Remembering the murders of Manuel Ramos and Fred Hampton

That same year, two more murders took place and were never solved. Rev. Bruce Johnson and his wife, Eugenia, allies of the Young Lords, were killed in their home as their three children lay asleep.

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The Young Lords and others march in May 1969 to protest the killing of Manuel Ramos by an off-duty Chicago police officer.

The Young Lords and others march in May 1969 to protest the killing of Manuel Ramos by an off-duty Chicago police officer.

Sun-Times archives

The moving op-ed from Manny Ramos on his grandfather’s death from police violence brings back incredible memories to this old man.

Manuel Ramos was a young 20-year-old leader of the Young Lords, unarmed yet shot dead by an off-duty cop as he, Manuel, was trying to break up a fight. Those who held down the cop were arrested. The cop was never sanctioned in any way. That was in May 1969.

Seven months later, 21-year-old Black Panther leader Fred Hampton was shot dead in his bed by Sheriff Ed Hanrahan’s police, as part of FBI Director J. Edgar Hoover’s secret COINTELPRO program, more properly called “domestic terrorist” unit. On behalf of my Methodist bishop, I witnessed the immediate aftermath of that assassination, walking through the blood-stained bedroom on Chicago’s West Side the next morning.

All the bullets went one way through that front door.

The recent movie “Judas and the Black Messiah” recaptures this sordid event. Unmentioned among these horrendous events are two more murders between Manuel’s death in May and Fred’s in December. On Sept. 29, 31-year-old Rev. Bruce Johnson and his wife, Eugenia, allies of the Young Lords, were murdered in their home, Bruce in his living room chair and Eugenia in her bed, while their three pre-school children lay asleep.

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Bruce, my colleague and friend in ministry, pastored the Armitage Avenue Methodist Church, recently taken over by the Young Lords and renamed the People Church. Bruce assisted them in setting up a breakfast program and a health clinic in the church, against the wishes of several parishioners. The police seem to have been called off from a normal investigation, and no one was ever charged in their brutal deaths.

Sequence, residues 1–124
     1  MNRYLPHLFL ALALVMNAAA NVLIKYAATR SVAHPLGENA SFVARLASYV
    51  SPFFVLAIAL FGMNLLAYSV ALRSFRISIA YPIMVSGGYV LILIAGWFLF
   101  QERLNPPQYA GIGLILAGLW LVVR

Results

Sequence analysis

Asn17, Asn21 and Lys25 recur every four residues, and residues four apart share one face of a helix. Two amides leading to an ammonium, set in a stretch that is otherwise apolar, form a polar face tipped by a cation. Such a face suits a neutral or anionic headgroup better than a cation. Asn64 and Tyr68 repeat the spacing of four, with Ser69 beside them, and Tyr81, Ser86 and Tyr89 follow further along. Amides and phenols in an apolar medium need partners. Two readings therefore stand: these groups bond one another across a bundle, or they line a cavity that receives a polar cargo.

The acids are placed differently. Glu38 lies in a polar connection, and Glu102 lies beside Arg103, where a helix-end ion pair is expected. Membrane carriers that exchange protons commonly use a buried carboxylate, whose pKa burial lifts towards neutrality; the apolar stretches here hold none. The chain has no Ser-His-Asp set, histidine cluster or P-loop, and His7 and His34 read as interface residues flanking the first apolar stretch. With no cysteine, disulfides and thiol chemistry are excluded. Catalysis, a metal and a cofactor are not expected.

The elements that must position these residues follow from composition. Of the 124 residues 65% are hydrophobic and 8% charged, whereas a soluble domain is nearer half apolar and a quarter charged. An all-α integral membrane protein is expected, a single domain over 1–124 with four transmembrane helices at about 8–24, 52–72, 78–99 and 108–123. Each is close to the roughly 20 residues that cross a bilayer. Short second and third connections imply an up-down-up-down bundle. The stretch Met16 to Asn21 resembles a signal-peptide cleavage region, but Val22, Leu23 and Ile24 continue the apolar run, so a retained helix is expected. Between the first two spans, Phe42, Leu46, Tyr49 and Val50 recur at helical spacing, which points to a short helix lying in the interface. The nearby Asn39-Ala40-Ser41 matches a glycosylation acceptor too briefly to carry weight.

Manuel, Bruce, Eugenia, Fred, and Mark Clark too, were murdered in an atmosphere not unlike today, 2021, when “domestic terror” is again a major threat in our divided society. May our memories help rekindle the determination to oppose such violence today.

What happened on Jan. 6 in our nation’s sacred center must never happen again. Memory and vigilance, truth and decency must guide us in these days ahead.

Rev. Martin Deppe, Ravenswood Manor

Republican infighting benefits Democrats

The Republican Party is becoming more and more intolerant with each passing day. A rigid party that will punish anyone who steps out of line. You dare criticize former President Donald Trump at your own peril and risk.

Virtually every Republican in the House and Senate who voted to impeach or convict Trump has received the party’s vicious wrath in state after state. One censure after another, some sending a message you will have a primary challenger the next time you run.

This intolerance has reached fever pitch in Illinois with Rep. Adam Kinzinger, who has been censured by several counties in his congressional district. To top that off, Kinzinger has been savaged by his own family, writing a letter stating he sold his soul to the devil. In essence, disowning him by saying, you have betrayed Lou Dobbs, Tucker Carlson, Sean Hannity, Laura Ingraham, Mark Levin, and Rush Limbaugh.

They imply Kinzinger is not a good American, not the kind his family members are. How low and vicious can you get?

With each censure and each threat of a primary challenger, the GOP is giving Democrats a gift that keeps on giving. They are tearing each other to bits. The Democrats are overjoyed because they will certainly be the beneficiaries of this nasty, vicious fight.

Herb Vermaas, Salem

No sense in arguments against higher minimum wage

Larry Craig’s recent letter raised two issues regarding the federal minimum wage. One made sense. The other did not.

Perhaps, as Craig argued, consideration should be given to having a lower minimum wage for “smaller grocery stores” to keep them in business. But arguing that “food costs will go up significantly across the board . . . so the increase in wages will immediately be eaten up in higher food and fast food and restaurant cost increases” seems an argument for not having any minimum wage at all, lowering what it is now, or at the very least, not increasing it now even though it has not been raised since 2009.

If minimum wage increases had been tied to inflation, a move Craig argues against, this problem could have been avoided. It’s okay to tie Social Security increases to inflation but it’s not okay for those trying to live on minimum wage?

Kevin Coughlin, Evanston

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